In July, the parties settled with the NCAA providing $70 million over 50 years to the afflicted. But that's only for diagnosis – not treatment -- and pales in comparison to the recent NFL concussion settlement with former players.
A judge continues to review it questioning whether $70 million over a half century is enough.
Duty of care. Someone has to be responsible, right? Or does every snap of the football becomes Buyer Beware? The NCAA admitted no wrongdoing in the settlement.
That's the sad reality of a multibillion-dollar organization formed 109 years ago because players were dying. In 2015, first and foremost it does everything to make sure it isn't liable when they do.
It may be that the entire enterprise has become too big for any one organization. Everybody wants to prevent concussions, but a unified effort to define "how" has barely begun.
Meanwhile, amateur organizations across the country are finding it difficult to find insurance for head trauma. Too much uncertainty. For every Junior Seau there is a Chuck Bednarik. One tragically committed suicide. The other lived to be 89. Both were lauded as hard-hitting warriors.
Research is going to take time -- decades, maybe longer. Until then, we'll continue to be horrified when players suffer catastrophic injuries. And the default setting will continue to be: circle the lawyers.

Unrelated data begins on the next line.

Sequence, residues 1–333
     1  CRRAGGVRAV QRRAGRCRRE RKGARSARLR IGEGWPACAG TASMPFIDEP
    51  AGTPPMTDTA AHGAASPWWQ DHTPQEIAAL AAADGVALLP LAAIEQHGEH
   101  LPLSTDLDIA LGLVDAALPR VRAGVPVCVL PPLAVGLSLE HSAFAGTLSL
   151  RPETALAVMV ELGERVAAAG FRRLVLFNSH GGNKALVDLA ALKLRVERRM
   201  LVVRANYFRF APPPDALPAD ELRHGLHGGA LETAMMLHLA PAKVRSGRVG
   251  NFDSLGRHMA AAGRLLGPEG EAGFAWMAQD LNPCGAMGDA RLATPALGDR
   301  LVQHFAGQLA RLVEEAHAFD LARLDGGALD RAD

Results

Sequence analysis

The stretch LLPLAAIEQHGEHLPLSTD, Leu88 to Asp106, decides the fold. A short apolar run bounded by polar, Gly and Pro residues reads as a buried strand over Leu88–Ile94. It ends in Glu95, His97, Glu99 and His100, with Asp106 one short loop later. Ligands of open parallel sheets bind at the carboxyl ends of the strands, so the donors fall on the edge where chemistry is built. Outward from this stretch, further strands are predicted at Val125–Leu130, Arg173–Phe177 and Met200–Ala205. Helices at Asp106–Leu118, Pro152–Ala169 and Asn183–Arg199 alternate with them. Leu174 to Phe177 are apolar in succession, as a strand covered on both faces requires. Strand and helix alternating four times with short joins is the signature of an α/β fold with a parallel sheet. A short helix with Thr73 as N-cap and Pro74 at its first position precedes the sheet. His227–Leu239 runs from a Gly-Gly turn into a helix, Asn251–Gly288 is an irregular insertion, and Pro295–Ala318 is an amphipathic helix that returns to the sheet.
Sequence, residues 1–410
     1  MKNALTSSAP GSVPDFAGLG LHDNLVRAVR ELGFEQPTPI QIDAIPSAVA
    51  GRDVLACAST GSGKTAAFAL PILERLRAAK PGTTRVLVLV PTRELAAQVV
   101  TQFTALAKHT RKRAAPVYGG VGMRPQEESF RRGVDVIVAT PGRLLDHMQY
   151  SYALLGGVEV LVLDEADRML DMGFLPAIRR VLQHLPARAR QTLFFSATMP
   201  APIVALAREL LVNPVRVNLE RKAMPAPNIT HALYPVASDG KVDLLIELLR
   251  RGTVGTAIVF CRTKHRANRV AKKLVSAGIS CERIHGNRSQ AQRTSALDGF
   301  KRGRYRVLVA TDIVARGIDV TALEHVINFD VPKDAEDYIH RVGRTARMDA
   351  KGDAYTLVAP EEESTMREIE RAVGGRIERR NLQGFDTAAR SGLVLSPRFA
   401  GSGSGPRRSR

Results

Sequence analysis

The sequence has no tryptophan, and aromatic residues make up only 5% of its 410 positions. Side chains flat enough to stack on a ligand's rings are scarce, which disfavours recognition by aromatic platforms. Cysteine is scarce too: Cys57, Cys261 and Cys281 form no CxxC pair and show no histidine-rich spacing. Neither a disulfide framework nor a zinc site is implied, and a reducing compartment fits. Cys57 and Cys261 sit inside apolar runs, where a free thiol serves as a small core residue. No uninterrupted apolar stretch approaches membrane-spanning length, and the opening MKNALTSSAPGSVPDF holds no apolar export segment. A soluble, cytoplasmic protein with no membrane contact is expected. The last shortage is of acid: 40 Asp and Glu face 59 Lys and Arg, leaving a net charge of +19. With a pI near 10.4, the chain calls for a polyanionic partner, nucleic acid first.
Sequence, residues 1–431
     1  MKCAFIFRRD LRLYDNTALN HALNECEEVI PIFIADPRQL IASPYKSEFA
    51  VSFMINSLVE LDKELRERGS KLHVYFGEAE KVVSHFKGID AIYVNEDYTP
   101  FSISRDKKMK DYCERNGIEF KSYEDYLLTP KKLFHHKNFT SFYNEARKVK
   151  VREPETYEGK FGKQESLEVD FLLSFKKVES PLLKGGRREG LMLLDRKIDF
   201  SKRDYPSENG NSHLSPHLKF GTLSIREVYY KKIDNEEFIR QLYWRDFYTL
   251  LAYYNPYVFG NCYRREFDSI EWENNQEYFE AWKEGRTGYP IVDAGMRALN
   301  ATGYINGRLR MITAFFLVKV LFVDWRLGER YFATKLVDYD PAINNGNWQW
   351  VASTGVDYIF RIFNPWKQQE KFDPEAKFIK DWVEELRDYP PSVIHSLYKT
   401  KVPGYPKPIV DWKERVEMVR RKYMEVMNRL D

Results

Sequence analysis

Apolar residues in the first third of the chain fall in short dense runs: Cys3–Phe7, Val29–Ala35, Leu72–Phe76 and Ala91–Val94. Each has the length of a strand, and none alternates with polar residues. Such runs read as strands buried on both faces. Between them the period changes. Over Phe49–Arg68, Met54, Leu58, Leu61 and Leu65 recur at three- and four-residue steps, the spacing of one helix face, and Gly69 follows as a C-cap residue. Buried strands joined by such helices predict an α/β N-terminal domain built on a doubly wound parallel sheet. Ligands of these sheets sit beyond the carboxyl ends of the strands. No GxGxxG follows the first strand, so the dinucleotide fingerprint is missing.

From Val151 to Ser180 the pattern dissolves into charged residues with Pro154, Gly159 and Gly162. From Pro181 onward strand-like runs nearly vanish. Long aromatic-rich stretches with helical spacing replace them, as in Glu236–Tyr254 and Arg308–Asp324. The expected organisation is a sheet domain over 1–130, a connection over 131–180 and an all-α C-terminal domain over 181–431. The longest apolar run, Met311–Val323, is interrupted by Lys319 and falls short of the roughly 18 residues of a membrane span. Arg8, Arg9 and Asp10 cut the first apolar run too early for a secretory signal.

It took a lawsuit for the NCAA to do much as start testing for sickle cell trait. This, after the first acknowledged death from the affliction came 35 years earlier. Over-exertion during offseason workouts has been the leading cause of death of college football players since 2000.
No NCAA legislation covers contact limits during the season or in the postseason. On their own, the Ivy League and Pac-12 have limited full-padded practices to twice a week during the season.
In a long form story published on its website the NCAA said "fear has surged ahead of science.
"Public perception and media discourse have altered the conversation surrounding concussion(s). For many people, a lack of understanding of concussion(s) rocketed past awareness and landed squarely at angst."
Well, yeah. Research could take decades, remember? If reform comes more swiftly from the courtroom, so be it. It's still reform.
Until then, fear most certainly will surge ahead of science. Experts tell us there are more than 40 definitions for the word "concussion." Hainline told CBSSports.com in 2013 concussion diagnosis management was in the "primitive" stages.
All credit to the NCAA for its research initiative but let's not shame the public and media for its [alleged] lack of understanding. As recently as 2014 the American Journal of Sports Medicine said the NCAA could be doing better with concussion management.
Here's a detailed timeline of the NCAA's handling of head trauma.
In a recent email, CBSSports.com asked Hainline about that dichotomy between the association's research advocacy and its legal stance. Hainline referred the question to an NCAA spokesman who replied: " … one should not confuse the status of the laws across the nation: an organization voluntarily making rules around sports practices and competitions does not create a legal duty to its participants."
Derek Sheely's family is well aware.